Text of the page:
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Texas passes bill attacking sanctuary cities, allowing police to demand immigration status

08 Mai 2017

"It's very sad to see in the state of Texas today", he said. Abbott already has withheld $1.5 million in state grants for Travis County, home of the state capital, to punish the sheriff for her stand on immigration detainers. Senate Bill 4, which was approved by a House vote Wednesday, would void the kind of policies San Antonio and most big-city police departments have on the books barring officers from inquiring about immigration status in routine police encounters.

Known as Senate Bill 4, the legislation is all but guaranteed to become law.

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What does the bill actually say?

President Trump signed directives to strip federal funding from "sanctuary" cities that shield "illegal" immigrants.

Critics of the bill said it would make immigrants afraid to report crimes or participate I police investigations out of fear that they could be deported. "Nowhere in this bill does it allow officers to stop someone exclusively to enforce federal immigration law", said Sen. Sylvia Garcia disagreed and said that the law will result in police officers "investigating the immigration status of a person, including children, without probable cause". They are not undocumented immigrants.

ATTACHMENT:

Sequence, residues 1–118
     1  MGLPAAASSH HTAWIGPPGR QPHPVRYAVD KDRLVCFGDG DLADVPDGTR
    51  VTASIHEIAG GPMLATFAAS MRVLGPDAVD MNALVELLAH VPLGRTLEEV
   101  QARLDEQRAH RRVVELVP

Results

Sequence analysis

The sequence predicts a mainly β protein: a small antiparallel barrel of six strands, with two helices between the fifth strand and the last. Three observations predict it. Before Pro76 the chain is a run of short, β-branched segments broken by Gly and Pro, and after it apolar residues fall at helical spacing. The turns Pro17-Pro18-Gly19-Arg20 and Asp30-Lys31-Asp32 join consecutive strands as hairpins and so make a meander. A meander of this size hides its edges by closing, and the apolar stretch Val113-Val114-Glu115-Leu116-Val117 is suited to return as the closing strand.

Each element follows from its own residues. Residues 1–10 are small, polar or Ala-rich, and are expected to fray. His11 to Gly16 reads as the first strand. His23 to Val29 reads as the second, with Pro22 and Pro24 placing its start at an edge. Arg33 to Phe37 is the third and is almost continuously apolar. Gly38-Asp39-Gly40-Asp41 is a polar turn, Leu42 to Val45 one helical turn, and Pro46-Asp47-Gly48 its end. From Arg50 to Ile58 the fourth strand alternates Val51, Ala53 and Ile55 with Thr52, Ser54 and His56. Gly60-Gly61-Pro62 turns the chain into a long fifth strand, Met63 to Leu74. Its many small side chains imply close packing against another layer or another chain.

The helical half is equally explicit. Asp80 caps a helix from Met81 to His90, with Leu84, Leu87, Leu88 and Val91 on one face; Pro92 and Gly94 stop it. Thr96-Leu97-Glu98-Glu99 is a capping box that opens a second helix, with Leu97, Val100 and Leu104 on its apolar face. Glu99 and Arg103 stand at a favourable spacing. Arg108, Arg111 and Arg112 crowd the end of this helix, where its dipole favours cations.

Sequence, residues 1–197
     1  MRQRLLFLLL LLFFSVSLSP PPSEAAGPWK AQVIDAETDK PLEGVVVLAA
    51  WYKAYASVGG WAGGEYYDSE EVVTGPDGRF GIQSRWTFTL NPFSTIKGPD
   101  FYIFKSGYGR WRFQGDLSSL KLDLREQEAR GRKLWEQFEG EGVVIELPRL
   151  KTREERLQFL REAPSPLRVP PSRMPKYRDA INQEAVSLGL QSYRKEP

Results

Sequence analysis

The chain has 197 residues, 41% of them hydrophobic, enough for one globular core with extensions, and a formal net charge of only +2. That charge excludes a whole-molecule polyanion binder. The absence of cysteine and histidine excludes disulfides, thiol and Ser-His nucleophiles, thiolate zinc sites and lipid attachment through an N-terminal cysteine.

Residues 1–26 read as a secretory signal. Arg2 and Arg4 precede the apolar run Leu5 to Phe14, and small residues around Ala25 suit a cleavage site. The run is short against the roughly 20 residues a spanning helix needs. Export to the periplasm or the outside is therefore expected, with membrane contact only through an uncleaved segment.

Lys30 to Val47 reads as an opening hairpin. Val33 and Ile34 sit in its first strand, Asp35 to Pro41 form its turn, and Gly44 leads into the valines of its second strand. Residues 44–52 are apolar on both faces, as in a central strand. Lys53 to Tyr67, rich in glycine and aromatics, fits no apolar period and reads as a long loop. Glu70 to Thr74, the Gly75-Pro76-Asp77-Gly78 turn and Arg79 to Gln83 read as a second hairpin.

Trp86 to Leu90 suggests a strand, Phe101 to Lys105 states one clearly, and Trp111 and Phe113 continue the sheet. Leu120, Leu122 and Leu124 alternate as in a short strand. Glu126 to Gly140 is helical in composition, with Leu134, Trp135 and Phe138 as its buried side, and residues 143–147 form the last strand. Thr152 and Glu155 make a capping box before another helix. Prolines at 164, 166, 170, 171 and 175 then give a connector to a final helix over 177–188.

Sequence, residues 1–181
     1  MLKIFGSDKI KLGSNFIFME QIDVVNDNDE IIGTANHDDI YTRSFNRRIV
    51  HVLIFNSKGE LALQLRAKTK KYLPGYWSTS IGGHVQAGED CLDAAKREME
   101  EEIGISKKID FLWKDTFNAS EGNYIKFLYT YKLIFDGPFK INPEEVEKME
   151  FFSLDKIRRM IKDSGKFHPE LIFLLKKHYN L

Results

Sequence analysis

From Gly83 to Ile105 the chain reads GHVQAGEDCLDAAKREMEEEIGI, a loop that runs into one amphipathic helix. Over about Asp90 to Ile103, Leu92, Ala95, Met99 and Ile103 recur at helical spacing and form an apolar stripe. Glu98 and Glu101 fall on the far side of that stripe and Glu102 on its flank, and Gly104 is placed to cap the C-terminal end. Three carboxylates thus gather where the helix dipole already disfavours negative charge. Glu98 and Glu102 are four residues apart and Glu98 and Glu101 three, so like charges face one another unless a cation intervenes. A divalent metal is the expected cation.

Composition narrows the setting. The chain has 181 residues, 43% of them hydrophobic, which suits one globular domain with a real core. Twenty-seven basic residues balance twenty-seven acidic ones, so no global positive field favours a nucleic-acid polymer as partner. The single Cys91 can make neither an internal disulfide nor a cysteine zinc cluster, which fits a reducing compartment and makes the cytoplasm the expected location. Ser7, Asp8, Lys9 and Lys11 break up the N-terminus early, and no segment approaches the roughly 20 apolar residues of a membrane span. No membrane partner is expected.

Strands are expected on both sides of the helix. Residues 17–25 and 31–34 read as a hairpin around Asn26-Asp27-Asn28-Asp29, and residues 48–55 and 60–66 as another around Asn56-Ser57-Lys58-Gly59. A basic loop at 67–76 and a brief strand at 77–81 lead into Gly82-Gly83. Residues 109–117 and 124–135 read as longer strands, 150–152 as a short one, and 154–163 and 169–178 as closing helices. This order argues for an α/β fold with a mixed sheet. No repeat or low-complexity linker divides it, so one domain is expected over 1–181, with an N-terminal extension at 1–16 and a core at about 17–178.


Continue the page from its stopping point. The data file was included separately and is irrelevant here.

"It's gone from a bad bill to a really, really bad, frightful bill that will result in police officers investigating the immigration status of a person, including children, without probable cause", said Sen. Taking action to make her city a "sanctuary" has drawn criticism and retaliation.

Now, Texas law enforcement is anxious about that effect getting worse in the state's big cities, where fear is already impacting policing. She said she has always followed the law "and that will not change".

How did we get here?

"This passage of SJR 2 (HJR 39) culminated over three years of hard work by 125 thousand Texas patriots". The lawmakers that supported HB4, however, have argued that will protect Texas from serious criminals, echoing claims made by President Donald Trump.

And so far, the federal judges have mostly agreed with the arguments of the minority plaintiffs.

The number of Latinos reporting rape in Houston is down 42.8 percent from previous year, Garcia said, and reports of other violent crimes has dropped 13 percent, due to fear of deportation.

Sessions has taken an unyielding stance against sanctuary cities, which he has pledged to aggressively target.

The bill's House sponsor, Rep. Rick Miller, told lawmakers that he did not wish to rewrite the U.S. Constitution. "We're going to battle them every step of the way".

"We have a problem in our state and particularly our country".

Plaintive cries could be heard from both chambers as deadlines for passing bills began approaching, as literally hundreds of House and Senate bills - some important, some not - began dying because they had not been assigned to a committee, or they had not received a public hearing or they had not been approved by a committee. The other method allows two-thirds of the state legislatures to call for a convention to propose amendments.

This measure would make Texas the first state to ban sanctuary cities under the Trump administration when it goes into effect September 1. "If it was the goal of Governor Abbott and GOP legislative leaders to terrorize the Latino community, they have succeeded".